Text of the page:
Oxford scientists trace HIV origin

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Oxford University scientists have pinpointed the origin of the HIV strain that accounts for the current global pandemic as being Kinshasa, the capital of the Democratic Republic of Congo.

The project, a report of which was published in the leading journal Science was a collaboration between scientists at Oxford and at the University of Leuven in Belgium traced the genetic history of the HIV group M strain which originated in approximately 1920 and was transmitted from a primate to a human.

The pandemic has infected over 75 million people worldwide to date. While the Kinshasa transmission was not the first case of human infection or transmission, it was the infection that was responsible for the spread of HIV throughout Africa, and later the world.

Professor Oliver Pybus of the University’s Department of Zoology stated “It seems a combination of factors in Kinshasa in the early 20th Century created a ‘perfect storm’ for the emergence of HIV, leading to a generalised epidemic with unstoppable momentum that unrolled across sub-Saharan Africa.”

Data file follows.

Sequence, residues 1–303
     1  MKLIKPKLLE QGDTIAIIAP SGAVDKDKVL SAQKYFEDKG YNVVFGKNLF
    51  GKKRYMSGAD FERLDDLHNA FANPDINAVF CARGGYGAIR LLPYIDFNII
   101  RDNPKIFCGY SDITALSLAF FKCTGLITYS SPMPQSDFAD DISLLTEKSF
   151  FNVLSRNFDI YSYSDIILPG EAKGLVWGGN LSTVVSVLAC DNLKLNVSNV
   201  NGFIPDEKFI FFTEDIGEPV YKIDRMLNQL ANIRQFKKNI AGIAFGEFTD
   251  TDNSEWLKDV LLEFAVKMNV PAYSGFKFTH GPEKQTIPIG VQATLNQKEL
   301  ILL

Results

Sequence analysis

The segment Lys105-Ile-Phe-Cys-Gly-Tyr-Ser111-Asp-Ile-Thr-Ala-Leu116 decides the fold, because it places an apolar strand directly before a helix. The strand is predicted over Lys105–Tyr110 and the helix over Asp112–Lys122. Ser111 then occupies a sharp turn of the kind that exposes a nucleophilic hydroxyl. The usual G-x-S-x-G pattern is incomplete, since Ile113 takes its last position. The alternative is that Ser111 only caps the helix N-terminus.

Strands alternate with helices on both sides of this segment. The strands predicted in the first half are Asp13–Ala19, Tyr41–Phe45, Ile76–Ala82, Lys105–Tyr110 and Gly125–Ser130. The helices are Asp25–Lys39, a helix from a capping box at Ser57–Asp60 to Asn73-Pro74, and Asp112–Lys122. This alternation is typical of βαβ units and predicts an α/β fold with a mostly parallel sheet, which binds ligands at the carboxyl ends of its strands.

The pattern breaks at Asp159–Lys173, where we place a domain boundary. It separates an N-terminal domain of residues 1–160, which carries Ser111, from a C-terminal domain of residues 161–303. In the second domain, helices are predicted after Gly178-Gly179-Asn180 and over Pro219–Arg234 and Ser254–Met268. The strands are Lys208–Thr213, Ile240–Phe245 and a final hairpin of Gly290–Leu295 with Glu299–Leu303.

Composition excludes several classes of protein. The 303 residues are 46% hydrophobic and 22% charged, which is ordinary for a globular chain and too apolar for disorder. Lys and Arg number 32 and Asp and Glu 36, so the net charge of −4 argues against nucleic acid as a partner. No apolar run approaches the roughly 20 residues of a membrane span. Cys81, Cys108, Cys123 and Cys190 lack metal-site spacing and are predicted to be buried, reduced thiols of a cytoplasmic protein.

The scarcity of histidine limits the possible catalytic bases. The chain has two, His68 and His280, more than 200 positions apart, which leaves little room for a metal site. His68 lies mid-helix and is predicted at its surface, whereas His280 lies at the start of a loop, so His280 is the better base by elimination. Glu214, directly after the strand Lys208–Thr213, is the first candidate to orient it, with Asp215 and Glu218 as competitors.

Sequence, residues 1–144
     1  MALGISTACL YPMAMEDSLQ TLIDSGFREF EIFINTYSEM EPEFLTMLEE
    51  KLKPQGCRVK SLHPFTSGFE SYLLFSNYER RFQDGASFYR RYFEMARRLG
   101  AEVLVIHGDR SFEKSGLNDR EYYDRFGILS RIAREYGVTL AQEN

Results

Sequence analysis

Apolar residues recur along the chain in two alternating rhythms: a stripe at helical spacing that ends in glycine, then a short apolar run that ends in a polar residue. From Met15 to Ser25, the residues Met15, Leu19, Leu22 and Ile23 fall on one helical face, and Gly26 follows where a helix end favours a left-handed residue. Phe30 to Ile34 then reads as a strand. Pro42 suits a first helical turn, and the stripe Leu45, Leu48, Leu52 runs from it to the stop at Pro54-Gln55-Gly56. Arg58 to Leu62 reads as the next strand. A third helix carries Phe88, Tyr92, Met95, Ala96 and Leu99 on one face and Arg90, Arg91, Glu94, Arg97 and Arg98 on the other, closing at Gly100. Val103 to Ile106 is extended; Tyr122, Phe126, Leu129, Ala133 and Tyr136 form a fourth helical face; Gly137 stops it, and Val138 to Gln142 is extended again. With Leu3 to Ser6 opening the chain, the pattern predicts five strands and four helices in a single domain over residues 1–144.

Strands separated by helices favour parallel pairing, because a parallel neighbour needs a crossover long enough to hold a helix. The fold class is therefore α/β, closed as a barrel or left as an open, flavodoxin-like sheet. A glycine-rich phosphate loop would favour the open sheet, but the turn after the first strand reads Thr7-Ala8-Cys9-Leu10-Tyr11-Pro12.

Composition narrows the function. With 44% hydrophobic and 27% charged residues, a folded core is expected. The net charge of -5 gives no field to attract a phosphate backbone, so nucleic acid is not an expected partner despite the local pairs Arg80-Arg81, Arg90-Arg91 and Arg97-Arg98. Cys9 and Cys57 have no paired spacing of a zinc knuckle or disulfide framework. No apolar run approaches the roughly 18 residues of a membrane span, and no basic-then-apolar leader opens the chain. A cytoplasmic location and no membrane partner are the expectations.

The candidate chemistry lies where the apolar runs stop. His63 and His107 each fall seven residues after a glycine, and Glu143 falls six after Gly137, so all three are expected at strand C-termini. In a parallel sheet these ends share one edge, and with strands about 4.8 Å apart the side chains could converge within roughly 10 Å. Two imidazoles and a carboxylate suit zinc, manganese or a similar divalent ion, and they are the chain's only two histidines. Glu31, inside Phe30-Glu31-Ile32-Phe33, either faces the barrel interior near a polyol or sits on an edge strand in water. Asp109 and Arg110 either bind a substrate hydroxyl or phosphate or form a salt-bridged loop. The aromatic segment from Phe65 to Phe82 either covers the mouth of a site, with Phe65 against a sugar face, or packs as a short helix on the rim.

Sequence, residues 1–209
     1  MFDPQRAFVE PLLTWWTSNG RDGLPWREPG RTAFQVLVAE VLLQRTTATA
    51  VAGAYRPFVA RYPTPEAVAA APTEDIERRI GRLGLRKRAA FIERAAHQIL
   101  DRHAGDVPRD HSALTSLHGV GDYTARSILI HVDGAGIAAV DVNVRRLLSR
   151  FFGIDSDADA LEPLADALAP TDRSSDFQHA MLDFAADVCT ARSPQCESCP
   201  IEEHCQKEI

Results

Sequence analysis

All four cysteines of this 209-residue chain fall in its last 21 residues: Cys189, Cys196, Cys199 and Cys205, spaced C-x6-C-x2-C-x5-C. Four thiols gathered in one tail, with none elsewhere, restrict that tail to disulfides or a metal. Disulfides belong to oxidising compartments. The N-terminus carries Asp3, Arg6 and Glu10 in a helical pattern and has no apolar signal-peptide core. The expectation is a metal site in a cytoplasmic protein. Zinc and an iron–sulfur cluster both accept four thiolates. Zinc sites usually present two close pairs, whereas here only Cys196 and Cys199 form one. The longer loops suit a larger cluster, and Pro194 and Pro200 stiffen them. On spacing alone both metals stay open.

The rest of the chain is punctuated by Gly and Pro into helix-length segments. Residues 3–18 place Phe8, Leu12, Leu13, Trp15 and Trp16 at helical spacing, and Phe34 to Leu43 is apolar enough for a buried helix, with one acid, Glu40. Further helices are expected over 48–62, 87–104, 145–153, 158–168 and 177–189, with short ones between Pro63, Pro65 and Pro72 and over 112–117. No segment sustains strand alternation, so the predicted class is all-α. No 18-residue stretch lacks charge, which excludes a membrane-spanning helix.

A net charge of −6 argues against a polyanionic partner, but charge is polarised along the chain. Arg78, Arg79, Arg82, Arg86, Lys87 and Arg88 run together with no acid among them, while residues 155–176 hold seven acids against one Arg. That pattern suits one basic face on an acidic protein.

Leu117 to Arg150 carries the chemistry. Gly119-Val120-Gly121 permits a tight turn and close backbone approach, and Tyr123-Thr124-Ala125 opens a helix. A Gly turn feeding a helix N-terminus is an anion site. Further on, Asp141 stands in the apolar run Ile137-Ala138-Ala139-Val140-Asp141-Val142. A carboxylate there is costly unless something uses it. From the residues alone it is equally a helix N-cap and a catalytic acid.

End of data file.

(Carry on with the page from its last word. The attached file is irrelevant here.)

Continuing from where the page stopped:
Dr Nunio Fara also of the Department of Zoology described the virus’s progression across Africa, saying ‘Our genetic data tells us that HIV very quickly spread across the Democratic Republic of the Congo, travelling with people along railways and waterways to reach Mbuji-Mayi and Lubumbashi in the extreme South and Kisangani in the far North by the end of the 1930s and early 1950s.

“This helped establishing early secondary foci of HIV-1 transmission in regions that were well connected to southern and eastern African countries. We think it is likely that the social changes around the independence in 1960 saw the virus ‘break out’ from small groups of infected people to infect the wider population and eventually the world.’

The team stated that much more research needed to be done on the role played by social factors in the spread of the disease throughout Africa.

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